The three products are comparable on paper (all are widely employed for high-speed digital PCBs), but they have quite different manufacturing characteristics when used for HDI board designs.
There are three key qualities a material must possess for HDI fabrication. First, it must be dimensionally stable, a quality that, of course, applies to non-HDI construction as well. All materials shrink and stretch to some extent during manufacturing processes, and patterning must be scaled to compensate, which is not an issue provided the material movement is predictable. Second, the material must be easily machinable: For HDI that means it can be laser drilled without problems. Third, a material must be able to survive multiple laminations. Let’s restrict this comparison of manufacturability to laser drilling, with regard to the three materials.
The word drill is really a misnomer to describe how a laser makes holes. A better term would be vaporization. Highly concentrated energy is directed in a focused beam on a specific area, which is absorbed by the material until it vaporizes. The energy must be carefully controlled to ablate material to form a hole without destroying the landing pad beneath. However, dielectric constituents absorb energy at different rates, and it is in this respect that N4000-13 SI, FR408HR, and Megtron 6 differ in manufacturability.
The Importance of Communicating with PCB Manufacturers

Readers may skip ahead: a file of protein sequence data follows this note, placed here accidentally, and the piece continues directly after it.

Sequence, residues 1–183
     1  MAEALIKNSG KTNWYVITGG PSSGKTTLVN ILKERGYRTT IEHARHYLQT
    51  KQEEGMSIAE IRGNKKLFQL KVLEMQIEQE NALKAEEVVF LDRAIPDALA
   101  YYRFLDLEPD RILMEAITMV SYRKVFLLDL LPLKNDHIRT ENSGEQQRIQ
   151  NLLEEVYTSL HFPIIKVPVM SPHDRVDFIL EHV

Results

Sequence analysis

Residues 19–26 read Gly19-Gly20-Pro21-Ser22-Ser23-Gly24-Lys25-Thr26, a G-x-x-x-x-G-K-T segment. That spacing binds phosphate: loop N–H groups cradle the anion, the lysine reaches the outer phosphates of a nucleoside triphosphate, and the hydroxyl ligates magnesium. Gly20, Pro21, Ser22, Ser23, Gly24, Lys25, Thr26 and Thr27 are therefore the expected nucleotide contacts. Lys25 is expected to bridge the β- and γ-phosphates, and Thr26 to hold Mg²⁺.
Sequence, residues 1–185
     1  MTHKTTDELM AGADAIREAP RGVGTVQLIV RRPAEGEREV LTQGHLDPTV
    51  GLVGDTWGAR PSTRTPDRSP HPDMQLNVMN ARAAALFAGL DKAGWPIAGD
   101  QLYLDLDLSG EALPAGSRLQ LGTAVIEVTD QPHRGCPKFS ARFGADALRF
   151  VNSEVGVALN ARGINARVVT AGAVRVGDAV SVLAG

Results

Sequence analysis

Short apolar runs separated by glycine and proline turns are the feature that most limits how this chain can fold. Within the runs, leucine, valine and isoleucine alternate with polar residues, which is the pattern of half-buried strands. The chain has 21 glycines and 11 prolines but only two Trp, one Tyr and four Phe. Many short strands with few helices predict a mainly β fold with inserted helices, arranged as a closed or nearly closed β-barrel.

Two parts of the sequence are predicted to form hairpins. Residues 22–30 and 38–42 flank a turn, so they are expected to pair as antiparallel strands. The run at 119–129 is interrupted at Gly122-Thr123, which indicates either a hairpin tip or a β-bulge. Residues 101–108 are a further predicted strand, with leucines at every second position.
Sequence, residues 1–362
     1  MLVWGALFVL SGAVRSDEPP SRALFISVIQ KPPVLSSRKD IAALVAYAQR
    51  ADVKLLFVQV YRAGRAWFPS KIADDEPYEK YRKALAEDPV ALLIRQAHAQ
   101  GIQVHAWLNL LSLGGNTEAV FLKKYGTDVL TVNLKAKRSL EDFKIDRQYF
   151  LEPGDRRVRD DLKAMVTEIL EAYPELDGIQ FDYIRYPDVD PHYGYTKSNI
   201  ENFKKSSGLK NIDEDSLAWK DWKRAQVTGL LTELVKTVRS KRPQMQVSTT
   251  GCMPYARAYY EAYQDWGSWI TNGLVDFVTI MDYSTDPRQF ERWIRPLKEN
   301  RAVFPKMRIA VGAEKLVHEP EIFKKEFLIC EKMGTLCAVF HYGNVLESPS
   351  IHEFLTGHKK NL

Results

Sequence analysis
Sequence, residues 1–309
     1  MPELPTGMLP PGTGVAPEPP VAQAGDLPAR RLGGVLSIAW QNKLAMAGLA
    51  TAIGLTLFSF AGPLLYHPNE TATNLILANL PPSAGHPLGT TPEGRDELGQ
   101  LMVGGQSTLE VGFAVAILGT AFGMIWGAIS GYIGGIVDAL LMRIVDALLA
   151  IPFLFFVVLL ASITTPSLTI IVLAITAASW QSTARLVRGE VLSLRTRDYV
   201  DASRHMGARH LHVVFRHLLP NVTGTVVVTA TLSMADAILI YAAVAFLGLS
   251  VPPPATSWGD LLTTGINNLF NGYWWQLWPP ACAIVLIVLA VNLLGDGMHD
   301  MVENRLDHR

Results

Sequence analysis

Let me interject a disclaimer: Though my company has extensive experience with the three materials, that experience isn’t quantified and therefore must be considered subjective. There’s no bias toward one rather than the others, except for HDI from manufacturing experience. We’ll build whatever a customer wants, if it can be constructed. The point to bear in mind is simply this: If a board is challenging to build in limited, prototype quantities, it will be no less challenging to manufacture in production runs. To repeat, yield drives profit.
My company has found that achieving clean laser-drilled holes in the Nelco material and in FR408HR requires more effort compared to creating them in Megtron 6. The resin in the Nelco fabric burns off at a much different rate than the glass fibers and too much energy is required to consume all the fibers in the hole without compromising the surrounding dielectric and the landing pad itself. FR408HR is less prone to have glass fibers protrude from hole walls than is N4000-13 SI but is less predictable in that respect. Glass bundles extend in perhaps only 5% of the holes but such inconsistency itself complicates processing. The flat glass fabric of Megtron 6 can be ablated cleanly by contrast to the other two materials, in our experience.
Nelco is continually investigating resin formulations, glass, and fabric constructions that would improve the manufacture of HDI architectures. The firm recently introduced a new material, N4800-20 SI, which it recommends in place of N4000-13 SI for HDI manufacture. My company is evaluating that material and anticipates better results.
The upshot of all this is that you should consult your board manufacturer at the outset of design to identify materials that would provide the optimum balance of price, manufacturability, and performance based on your construction. I’ll dedicate this column as the first installment regarding materials and manufacturability. The next one will regard materials with the highest electrical performance for digital high-speed circuits, and for RF and microwave applications.